# 📦 Repository Management

All project work (code or not), documentation, etc. should be done or tracked in a repository within the UBC Launch Pad GitHub organization. This page outlines general advice for how to use and maintain repositories.

# Notifications

Make sure your entire team has set up notifications correctly! This helps everyone stay in the loop on your project's progress and discussions.

# Issues and Tasks

Refer to our sprint planning guide for advice on how to manage issues and tasks in your repository!

# Documentation

Each repository should be accompanied by a set of documentation written in Markdown starting with the README, typically named README.md. Your README is the primary way for your team to showcase your awesome project to the world - take the time to make it informative and legible!

In your README, make sure you include or link to:

  • A summary of your software - in particular, briefly and succinctly outline what role your project plays or what problem it solves.
  • Usage instructions - this could be a link to a deployed website and/or how to download and get started with using your project.
  • Development instructions - make sure to cover everything that someone might need to get started with development on your project without any help. This could include development environment setup, project structure, and best practices. Since this can get quite lengthy, you can place this documentation in a separate CONTRIBUTING.md file, and link to it from your project README.
  • Project writeup - this could be a link to a blog post, a part of your README, or another file that documents your project's journey from start to end. It's a great way to highlight the work that went into your project!

# Code Tooling

Most modern programming languages have things we call "linters" or other static analysis tools to catch "obvious" mistakes and enforce code style and documentation rules. These tools often feature code editor integrations that can give you feedback on problems and even fix your code as you type!

Code tooling is generally language-specific - for example:

# Tests

Tests refer to repeatable, programmatic use of your code to assert that given input always produces the same expected behaviour and outputs. They help make sure that even when refactors or major changes are made, you can trust that most of your code base still behaves as expected, which means you spend less time chasing down obscure bugs, and allows you more freedom when improving your project's codebase.

In general, tests should be fully repeatable - given some minimal setup, the same tests should always pass, and they should not rely on your development setup or external services.

Most languages provide special tooling for testing - for example:

More advanced testing topics include "unit testing" and "integration testing", that you can do a Google search for to learn more.

Rocket 2 (opens new window) and Inertia (opens new window) are good references for comprehensive test tooling and automation.

# Testing interactions with other services

Often, you will want to test interactions with other services such as a database (PostgreSQL, MongoDB, DynamoDB, etc). The best way to do this is to run them as Docker containers locally - this makes them easy to set up and validate behaviour against. This also helps during development, since you can spin up your project locally without setting up authentication against a deployed instance and potentially running into problems with, for example, sharing a database with someone else.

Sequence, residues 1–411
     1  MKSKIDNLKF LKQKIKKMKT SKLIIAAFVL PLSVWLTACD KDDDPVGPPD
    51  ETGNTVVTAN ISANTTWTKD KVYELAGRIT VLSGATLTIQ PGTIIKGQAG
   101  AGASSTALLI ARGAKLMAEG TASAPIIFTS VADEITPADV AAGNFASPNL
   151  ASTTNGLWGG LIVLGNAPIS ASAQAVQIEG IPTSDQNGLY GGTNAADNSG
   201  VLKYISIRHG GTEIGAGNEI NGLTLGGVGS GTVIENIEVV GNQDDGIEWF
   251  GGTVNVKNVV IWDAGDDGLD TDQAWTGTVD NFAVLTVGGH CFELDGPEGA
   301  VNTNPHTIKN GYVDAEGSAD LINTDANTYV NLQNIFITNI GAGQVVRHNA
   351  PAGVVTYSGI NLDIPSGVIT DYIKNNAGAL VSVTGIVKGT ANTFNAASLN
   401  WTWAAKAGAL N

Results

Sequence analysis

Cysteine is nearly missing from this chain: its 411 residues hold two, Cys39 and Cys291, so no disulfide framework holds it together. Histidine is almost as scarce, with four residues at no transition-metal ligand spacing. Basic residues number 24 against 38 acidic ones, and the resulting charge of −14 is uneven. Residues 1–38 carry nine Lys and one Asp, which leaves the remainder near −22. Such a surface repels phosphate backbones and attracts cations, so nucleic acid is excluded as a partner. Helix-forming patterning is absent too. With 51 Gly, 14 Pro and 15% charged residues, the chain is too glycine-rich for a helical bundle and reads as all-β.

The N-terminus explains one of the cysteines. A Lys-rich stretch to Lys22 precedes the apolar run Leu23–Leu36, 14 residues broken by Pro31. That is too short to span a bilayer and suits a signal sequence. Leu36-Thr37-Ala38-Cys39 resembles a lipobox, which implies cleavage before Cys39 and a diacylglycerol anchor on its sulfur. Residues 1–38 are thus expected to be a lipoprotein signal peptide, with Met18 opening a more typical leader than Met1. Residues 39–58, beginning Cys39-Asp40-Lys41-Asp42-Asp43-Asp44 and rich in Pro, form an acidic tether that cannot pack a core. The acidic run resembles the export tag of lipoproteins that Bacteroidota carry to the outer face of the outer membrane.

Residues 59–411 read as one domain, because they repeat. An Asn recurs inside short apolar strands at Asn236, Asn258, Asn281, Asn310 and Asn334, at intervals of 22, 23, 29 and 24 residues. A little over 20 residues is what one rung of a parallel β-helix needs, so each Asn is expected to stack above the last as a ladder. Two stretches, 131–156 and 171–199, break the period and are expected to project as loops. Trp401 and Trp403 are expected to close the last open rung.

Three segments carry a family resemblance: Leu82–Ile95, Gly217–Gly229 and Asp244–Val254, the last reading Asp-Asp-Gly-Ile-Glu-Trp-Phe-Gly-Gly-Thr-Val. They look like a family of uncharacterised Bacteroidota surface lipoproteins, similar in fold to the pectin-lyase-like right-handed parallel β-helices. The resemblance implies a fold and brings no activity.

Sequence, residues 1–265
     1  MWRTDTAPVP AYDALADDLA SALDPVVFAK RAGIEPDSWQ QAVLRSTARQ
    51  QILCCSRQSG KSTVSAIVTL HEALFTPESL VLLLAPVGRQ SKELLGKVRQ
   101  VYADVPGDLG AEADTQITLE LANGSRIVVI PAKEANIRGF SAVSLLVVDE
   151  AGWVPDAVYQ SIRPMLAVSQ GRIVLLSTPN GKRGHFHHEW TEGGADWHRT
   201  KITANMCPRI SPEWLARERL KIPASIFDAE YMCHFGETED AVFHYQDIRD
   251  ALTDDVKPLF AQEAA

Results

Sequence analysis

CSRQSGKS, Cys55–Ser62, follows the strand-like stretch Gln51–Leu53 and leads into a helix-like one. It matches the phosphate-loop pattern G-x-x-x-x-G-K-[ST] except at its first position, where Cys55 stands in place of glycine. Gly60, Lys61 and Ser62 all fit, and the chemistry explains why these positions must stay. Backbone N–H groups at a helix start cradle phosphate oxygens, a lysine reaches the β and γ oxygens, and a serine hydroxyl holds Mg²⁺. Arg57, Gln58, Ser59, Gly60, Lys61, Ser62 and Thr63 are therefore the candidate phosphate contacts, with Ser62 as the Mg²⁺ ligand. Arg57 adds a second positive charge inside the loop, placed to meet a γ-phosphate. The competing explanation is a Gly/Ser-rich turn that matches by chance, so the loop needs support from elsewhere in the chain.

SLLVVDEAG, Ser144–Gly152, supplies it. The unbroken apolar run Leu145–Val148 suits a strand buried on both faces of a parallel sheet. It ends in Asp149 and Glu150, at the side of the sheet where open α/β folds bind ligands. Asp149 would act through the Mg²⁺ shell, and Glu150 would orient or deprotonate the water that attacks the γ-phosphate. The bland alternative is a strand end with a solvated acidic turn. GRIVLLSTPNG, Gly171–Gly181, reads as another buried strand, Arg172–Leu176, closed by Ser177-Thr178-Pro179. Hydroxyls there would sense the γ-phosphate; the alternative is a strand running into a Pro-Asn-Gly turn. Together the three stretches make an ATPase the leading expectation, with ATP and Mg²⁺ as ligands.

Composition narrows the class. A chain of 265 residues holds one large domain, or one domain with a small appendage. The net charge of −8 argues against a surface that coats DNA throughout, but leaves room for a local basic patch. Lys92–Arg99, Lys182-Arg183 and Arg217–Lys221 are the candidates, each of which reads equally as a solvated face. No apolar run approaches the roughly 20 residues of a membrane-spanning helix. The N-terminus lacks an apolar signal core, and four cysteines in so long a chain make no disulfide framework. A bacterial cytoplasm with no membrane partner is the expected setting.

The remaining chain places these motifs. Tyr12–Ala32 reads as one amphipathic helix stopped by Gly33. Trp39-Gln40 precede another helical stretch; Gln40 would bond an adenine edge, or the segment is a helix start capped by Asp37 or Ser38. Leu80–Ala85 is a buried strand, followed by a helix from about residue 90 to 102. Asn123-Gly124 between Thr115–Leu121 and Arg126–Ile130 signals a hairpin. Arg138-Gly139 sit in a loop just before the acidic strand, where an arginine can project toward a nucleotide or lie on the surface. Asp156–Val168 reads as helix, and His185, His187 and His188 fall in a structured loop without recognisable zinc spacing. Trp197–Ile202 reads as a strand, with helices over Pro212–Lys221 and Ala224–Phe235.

In your programmatic tests, if you write to a database, make sure to include "teardown" steps after each test (to revert any changes a test makes, to avoid affecting other tests).

# Repository Templates

GitHub lets you define templates (opens new window) to help you standardize the format of your issues and pull requests.

You can refer to example templates used at Launch Pad (opens new window) for ideas!

# Ignoring Files

Include a .gitignore file (opens new window) to reduce the chances that people push unwanted content; in particular, it is highly recommended to add the following to your .gitignore:

  • Config files produced by common IDEs, like IntelliJ, Xcode, Android Studio, and so on.
  • .DS_Store files, which are produced by MacOS.
  • Compiled assets, such as Python's .pyc files or bin output.


CI/CD, or "Continuous Integration" and "Continuous Deployment", refers to the automated processes that are designed to run tasks for every change that is pushed to a code repository.

Launch Pad currently recommends GitHub Actions (opens new window) for setting up CI/CD pipelines. To get started, refer to:

# Continuous Integration

You should have a continuous integration system in place to ensure that new code is tested and meets team standards.

Your continuous integration (CI) process should run:

# Code Coverage

Most code testing frameworks provide ways to export code coverage results. Code coverage refers to the lines of code that are run during tests, and allow you to verify you are actually testing your code - for example, see the Inertia coverage report (opens new window).

We currently recommend Codecov (opens new window) for aggregating and viewing your code coverage. The Sourcegraph browser extension allows you to view this coverage on GitHub (opens new window) as well.

# Continuous Deployment

Nowadays, continuous deployment for smaller projects typically happen externally in other services - see our recommendations in deployment options.